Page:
Standing in the centre of the arena one can still observe significant remnants of the stage and its nine niches, as well as the grilled cages in the wall. The stepped terraces are not original, but historians believe that 41 arched openings punctuated the façade.References:
Eketorp is an Iron Age fort in southeastern Öland, which was extensively reconstructed and enlarged in the Middle Ages. Throughout the ages the fortification has served a variety of somewhat differing uses: from defensive ringfort, to medieval safe haven and thence a cavalry garrison. In the 20th century it was further reconstructed to become a heavily visited tourist site and a location for re-enactment of medieval battles. Eketorp is the only one of the 19 known prehistoric fortifications on Öland that has been completely excavated, yielding a total of over 24,000 individual artifacts. The entirety of southern Öland has been designated as a World Heritage Site by UNESCO. The Eketorp fortification is often referred to as Eketorp Castle.
The indigenous peoples of the Iron Age constructed the original fortification about 400 AD, a period known to have engendered contact between Öland natives with Romans and other Europeans. The ringfort in that era is thought to have been a gathering place for religious ceremonies and also a place of refuge for the local agricultural community when an outside enemy appeared. The circular design was believed to be chosen because the terrain is so level that attack from any side was equally likely. The original diameter of this circular stone fortification was about 57 metres. In the next century the stone was moved outward to construct a new circular structure of about 80 metres in diameter. At this juncture there were known to be about fifty individual cells or small structures within the fort as a whole. Some of these cells were in the center of the fortified ring, and some were actually built into the wall itself.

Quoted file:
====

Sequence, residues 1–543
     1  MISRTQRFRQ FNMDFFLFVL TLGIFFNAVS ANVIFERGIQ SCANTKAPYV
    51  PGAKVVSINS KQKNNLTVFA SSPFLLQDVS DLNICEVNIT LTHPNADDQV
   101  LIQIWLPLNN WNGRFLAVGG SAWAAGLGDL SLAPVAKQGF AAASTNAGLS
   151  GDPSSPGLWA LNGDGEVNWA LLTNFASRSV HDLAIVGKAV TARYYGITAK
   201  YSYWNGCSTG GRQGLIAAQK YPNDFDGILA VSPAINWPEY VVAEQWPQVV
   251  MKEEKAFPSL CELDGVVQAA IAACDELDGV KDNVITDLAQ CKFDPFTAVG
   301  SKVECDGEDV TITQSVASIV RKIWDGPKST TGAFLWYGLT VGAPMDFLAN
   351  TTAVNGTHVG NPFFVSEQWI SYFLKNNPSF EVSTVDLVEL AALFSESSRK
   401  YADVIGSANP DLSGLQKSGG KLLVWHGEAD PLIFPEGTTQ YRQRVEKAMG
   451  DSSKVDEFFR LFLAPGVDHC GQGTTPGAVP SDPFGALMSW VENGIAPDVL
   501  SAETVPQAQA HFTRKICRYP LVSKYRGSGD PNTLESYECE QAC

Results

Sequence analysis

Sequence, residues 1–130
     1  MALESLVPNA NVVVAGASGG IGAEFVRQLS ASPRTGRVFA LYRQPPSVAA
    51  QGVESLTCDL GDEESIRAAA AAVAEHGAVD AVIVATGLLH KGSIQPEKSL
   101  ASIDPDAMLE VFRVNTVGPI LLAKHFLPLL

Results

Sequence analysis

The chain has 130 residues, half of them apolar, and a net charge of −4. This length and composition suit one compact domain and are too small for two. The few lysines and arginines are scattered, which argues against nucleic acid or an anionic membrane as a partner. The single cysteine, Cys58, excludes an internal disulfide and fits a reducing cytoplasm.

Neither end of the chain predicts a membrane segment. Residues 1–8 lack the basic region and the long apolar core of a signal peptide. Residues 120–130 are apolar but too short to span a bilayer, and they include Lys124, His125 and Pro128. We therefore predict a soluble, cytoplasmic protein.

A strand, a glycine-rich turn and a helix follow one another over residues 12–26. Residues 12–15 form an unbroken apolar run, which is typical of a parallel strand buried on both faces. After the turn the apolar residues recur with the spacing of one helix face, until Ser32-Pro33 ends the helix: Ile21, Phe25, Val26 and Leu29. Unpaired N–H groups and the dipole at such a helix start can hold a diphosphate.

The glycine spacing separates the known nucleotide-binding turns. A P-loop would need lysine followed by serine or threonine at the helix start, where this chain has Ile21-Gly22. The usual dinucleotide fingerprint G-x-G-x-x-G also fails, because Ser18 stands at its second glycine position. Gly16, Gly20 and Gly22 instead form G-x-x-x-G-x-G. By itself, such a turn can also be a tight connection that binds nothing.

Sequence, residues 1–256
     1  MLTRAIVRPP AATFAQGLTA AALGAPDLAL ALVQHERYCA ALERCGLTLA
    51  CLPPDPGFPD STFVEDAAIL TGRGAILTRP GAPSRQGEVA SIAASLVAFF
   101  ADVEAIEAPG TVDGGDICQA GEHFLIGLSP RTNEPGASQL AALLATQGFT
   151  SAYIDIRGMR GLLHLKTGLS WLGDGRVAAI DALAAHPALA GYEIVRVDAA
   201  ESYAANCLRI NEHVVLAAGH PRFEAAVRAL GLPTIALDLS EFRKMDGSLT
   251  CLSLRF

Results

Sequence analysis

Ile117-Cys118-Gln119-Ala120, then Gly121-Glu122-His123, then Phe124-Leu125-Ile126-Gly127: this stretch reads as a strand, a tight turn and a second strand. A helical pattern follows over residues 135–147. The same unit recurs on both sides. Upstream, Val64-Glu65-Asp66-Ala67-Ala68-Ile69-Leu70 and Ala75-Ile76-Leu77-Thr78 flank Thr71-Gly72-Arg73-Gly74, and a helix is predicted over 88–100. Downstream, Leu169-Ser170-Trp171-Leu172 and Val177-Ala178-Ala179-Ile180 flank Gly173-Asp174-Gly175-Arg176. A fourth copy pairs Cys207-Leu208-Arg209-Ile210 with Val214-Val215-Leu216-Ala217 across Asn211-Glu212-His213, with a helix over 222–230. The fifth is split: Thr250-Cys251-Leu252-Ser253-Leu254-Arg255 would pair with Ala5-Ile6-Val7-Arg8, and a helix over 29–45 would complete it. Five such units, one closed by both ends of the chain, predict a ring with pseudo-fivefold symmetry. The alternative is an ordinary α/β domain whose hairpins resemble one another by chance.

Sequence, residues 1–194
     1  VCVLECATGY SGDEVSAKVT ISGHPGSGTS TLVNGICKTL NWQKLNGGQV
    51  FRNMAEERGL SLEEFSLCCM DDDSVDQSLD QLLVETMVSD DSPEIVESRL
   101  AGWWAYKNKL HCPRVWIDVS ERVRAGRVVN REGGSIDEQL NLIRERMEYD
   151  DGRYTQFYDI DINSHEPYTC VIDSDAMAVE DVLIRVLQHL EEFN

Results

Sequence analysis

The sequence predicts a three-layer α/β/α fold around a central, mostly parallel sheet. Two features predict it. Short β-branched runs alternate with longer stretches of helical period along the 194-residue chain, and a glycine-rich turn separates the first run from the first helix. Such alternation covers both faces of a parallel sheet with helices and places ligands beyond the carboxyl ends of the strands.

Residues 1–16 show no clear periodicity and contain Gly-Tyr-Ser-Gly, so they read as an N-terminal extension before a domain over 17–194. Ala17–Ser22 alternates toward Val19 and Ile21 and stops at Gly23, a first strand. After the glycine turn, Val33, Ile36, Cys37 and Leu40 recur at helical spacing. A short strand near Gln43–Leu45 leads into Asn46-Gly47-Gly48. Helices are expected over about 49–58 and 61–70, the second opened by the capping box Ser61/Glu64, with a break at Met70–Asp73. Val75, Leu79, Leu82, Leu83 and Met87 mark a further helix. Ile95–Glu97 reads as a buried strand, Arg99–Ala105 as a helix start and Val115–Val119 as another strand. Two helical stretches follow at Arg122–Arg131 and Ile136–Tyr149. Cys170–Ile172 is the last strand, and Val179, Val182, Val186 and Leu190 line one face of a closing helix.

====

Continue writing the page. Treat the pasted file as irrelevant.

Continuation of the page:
In the late 600s AD the ringfort was mysteriously abandoned, and it remained unused until the early 11th century. This 11th century work generally built upon the earlier fort, except that stone interior cells were replaced with timber structures, and a second outer defensive wall was erected.
Presently the fort is used as a tourist site for visitors to Öland to experience a medieval fortification for this region. A museum within the castle walls displays a few of the large number of artefacts retrieved by the National Heritage Board during the major decade long excavation ending in 1974. Inside the fort visitors are greeted by actors in medieval costumes who assume the roles of period artisans and merchants who might have lived there nine centuries earlier. There are also re-enactment scenes of skirmishes and other dramatic events of daily life from the Middle Ages.
Eketorp lies a few kilometers west of Route 136. There is an ample unpaved parking area situated approximately two kilometers west of the paved Öland perimeter highway. There is also a gift shop on site. During peak summer visitation, there are guided tours available. Visitors are assessed an admission charge.